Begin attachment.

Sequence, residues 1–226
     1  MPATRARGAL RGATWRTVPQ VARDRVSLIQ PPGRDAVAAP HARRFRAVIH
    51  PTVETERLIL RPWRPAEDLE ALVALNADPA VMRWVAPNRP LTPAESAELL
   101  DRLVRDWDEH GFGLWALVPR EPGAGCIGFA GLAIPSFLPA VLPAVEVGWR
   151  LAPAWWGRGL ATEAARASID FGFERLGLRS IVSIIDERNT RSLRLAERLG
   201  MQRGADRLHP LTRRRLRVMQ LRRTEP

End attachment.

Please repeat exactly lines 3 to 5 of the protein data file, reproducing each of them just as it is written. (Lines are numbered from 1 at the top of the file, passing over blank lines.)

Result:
    51  PTVETERLIL RPWRPAEDLE ALVALNADPA VMRWVAPNRP LTPAESAELL
   101  DRLVRDWDEH GFGLWALVPR EPGAGCIGFA GLAIPSFLPA VLPAVEVGWR
   151  LAPAWWGRGL ATEAARASID FGFERLGLRS IVSIIDERNT RSLRLAERLG